Don’t miss our special Purim devotional series. Learn inspiring insights from the lives of Esther and Mordecai that will strengthen your own faith to let God use you in big and small ways so that you, too, can be called a faithful hero.

Anti-Semitism is known as “the oldest hatred.” We see acts of hatred and violence against Jewish people in the news more and more. Why has anti-Semitism hung over humanity’s head for so many thousands of years? Find out in this powerful booklet, where Rabbi Jonathan Bernis answers this question.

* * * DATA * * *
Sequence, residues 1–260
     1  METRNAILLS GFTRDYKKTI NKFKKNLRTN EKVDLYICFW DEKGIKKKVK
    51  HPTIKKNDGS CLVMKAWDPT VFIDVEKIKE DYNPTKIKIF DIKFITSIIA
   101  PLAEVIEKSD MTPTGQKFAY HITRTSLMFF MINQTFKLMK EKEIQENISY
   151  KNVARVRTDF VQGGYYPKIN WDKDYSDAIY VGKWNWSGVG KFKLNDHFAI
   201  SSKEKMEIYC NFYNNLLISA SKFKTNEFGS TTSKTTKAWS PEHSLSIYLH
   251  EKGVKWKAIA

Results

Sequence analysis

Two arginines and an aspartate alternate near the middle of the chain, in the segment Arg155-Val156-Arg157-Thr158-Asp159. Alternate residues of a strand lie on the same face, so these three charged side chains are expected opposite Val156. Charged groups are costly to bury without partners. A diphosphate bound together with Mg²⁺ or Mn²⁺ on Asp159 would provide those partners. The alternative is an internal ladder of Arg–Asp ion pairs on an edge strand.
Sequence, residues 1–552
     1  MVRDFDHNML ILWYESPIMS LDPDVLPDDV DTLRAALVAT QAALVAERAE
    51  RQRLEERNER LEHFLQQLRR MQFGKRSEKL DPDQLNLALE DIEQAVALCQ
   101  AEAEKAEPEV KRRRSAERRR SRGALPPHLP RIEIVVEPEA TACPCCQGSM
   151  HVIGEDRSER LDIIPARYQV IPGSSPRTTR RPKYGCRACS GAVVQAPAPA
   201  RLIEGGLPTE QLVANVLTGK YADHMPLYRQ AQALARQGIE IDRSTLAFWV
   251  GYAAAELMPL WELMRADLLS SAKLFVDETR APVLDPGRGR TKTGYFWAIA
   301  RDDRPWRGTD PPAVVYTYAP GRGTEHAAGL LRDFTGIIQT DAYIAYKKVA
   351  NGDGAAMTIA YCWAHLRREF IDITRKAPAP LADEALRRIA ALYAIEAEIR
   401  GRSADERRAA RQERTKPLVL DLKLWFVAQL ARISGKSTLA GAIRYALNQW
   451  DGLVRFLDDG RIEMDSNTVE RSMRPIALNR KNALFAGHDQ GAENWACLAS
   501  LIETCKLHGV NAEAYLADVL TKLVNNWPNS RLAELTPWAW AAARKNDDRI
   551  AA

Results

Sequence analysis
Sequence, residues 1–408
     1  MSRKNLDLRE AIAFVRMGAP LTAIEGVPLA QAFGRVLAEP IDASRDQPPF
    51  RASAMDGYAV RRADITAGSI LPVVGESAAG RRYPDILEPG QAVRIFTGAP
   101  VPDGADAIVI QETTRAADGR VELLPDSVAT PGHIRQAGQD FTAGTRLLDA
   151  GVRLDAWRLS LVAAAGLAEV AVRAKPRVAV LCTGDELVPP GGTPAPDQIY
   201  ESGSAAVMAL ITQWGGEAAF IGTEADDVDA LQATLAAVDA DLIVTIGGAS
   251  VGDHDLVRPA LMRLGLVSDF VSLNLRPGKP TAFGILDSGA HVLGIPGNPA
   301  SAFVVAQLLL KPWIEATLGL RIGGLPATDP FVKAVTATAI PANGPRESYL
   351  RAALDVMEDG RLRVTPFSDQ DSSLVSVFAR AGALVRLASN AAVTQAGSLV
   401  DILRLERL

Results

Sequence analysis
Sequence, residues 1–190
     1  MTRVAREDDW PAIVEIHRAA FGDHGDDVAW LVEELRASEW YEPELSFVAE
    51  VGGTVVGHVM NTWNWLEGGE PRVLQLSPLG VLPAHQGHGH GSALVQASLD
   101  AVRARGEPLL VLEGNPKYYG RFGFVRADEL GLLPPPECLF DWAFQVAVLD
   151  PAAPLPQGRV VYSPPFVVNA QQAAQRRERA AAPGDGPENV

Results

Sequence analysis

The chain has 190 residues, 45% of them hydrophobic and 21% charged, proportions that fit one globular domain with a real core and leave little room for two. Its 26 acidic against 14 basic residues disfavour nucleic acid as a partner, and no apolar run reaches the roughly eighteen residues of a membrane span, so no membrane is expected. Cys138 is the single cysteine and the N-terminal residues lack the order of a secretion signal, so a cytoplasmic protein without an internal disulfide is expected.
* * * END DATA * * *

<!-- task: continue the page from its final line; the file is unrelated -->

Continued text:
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Anti-Semitism is known as “the oldest hatred.” We see acts of hatred and violence against Jewish people in the news more and more. Why has anti-Semitism hung over humanity’s head for so many thousands of years? Find out in this powerful booklet, where Rabbi Jonathan Bernis answers this question.